When the Patriots step on the field for their 2020 opener Sunday against the Dolphins, Bill Belichick will get a reminder of the coaching mark that still eludes him.
This season, Miami players will be wearing a “SHULA 347” patch commemorating Don Shula’s NFL record for career coaching victories. Shula tops the list with 347, while George Halas is second at 324 and Belichick is third with 304. (If we take out postseason victories, Shula’s edge on Belichick stands at 328 to 273, a 55-win differential. But since Miami is going with 347, a more encompassing total, we’ll go with that.)
So it’s 43 wins to tie Shula, and 44 to pass him for Belichick.
That means if Belichick can average nine wins a year for the next five years, he’ll pass Shula for the top spot in his early 70s. But does the 68-year-old coach want to stick around that long? In 2009, he scoffed at the idea of coaching into his 70s “like Marv Levy.”
And while he walked that back a bit last October in an interview with WEEI, the fact is some of the best in NFL history have lost their coaching fastball at that age, or even younger. A 64-year-old Tom Landry, for instance, was a shell of himself in his last season, a 3-13 abomination in 1988 that ushered in the Jimmy Johnson era for the Cowboys.
The end of Shula’s coaching career at age 65 wasn’t as ignominious, but he won just three playoff games between the ages of 55 and 65. For some perspective, Bill Walsh was 57, Halas was 72, and Paul Brown was 67 when they coached their last season in the NFL. It’s not easy to keep grinding into your 70s, even if you essentially owned the team as Halas did.
From this perspective, if there’s anyone who can keep pushing at that age, it’s Belichick.
There are a ton of reasons why, but I keep coming back to the fact that he was working out fringe, out-of-the-way draft prospects in the rain this spring. That’s someone who is still plugged in, invested as a coach and a teacher. Oh, and there’s this: Belichick idolized Shula, as all Eastern Maryland kids did when Shula coached the Colts.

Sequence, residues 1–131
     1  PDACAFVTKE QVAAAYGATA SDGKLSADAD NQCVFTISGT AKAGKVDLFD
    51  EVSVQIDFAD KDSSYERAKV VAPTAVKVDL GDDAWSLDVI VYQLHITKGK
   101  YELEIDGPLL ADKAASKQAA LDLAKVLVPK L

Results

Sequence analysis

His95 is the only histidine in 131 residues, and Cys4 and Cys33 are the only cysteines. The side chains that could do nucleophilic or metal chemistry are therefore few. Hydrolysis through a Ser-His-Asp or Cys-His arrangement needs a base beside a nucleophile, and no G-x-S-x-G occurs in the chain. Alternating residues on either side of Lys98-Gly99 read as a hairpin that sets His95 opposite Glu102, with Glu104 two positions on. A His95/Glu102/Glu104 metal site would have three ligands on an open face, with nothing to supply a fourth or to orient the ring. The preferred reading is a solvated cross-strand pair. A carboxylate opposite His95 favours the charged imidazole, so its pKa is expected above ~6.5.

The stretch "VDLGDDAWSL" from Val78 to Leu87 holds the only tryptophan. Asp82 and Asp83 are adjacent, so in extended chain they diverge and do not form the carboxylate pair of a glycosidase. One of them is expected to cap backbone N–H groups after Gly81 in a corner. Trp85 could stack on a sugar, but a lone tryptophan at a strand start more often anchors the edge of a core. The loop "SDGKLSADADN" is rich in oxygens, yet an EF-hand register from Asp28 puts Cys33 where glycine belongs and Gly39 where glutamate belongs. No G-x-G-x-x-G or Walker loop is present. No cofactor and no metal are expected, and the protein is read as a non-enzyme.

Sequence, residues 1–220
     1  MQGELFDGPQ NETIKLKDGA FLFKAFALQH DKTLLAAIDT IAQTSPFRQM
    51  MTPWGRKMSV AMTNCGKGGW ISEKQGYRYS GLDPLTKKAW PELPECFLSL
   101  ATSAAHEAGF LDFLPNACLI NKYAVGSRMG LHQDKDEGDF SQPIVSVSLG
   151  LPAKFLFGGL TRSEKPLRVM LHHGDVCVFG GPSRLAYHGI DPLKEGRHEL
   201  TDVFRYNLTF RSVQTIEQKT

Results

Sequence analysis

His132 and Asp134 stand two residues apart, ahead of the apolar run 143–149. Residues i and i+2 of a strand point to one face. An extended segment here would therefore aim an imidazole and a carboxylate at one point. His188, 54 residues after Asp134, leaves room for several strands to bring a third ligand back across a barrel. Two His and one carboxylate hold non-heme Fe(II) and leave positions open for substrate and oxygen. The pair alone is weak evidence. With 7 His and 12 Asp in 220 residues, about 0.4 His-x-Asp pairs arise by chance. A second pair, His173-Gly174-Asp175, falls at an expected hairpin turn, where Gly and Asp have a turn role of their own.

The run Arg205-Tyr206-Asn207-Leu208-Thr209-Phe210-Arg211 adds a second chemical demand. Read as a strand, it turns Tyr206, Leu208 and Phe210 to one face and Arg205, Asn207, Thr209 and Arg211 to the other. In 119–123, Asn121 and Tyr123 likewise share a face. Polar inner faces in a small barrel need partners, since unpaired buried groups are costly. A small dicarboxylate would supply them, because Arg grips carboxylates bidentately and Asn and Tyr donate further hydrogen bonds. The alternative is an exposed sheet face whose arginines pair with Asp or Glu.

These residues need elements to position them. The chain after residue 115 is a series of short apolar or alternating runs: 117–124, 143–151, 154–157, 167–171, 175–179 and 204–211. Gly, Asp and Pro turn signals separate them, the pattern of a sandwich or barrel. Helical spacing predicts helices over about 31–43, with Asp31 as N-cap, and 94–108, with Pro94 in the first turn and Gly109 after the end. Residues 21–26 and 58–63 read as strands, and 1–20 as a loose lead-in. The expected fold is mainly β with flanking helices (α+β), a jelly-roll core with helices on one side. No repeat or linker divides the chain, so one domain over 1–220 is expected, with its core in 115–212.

While Belichick has always spoken very highly of Shula in the past, I have to believe some of the quotes from Shula in his later years that questioned Belichick’s integrity rankled him. In the wake of those statements, separate from the simple accomplishment of setting the record, the opportunity to wipe Shula’s name from the top of the list has to be considered appealing.
In the context of this conversation, for all the talk about the transitory nature of the NFL, there are a lot of current coaches who could end up at least in the top 10 before it’s all said and done.
The 62-year-old Andy Reid is already sixth with 222 wins (regular season and playoffs). A lot of things would have to break in his favor, but if Reid can hitch his wagon to Pat Mahomes for another 10 years (not an inconceivable notion, provided Mahomes can stay healthy and Reid wants to keep coaching), Reid could crack 300 wins.
As for active coaches who have a shot at the all-time top 10 — ight now, Chuck Knox is in 10th place with 193 wins — there are a few intriguing names: 48-year-old Mike Tomlin (141 wins), 56-year-old Sean Payton (139 wins), 56-year-old Mike McCarthy (135 wins), and 57-year-old John Harbaugh (128 wins).
They probably need another decade-long run of success before they enter the picture, but all four have provided the sort of foundation you need to make a run by cracking 125 wins before the age of 60.
Back to Belichick. He should pass Halas, and after that, we could be looking at him getting Nos. 347 and 348 late in the 2023 season. Maybe 2024?
That should give the Patriots plenty of time to think about where the “BELICHICK 348” patch would look best on the uniform.
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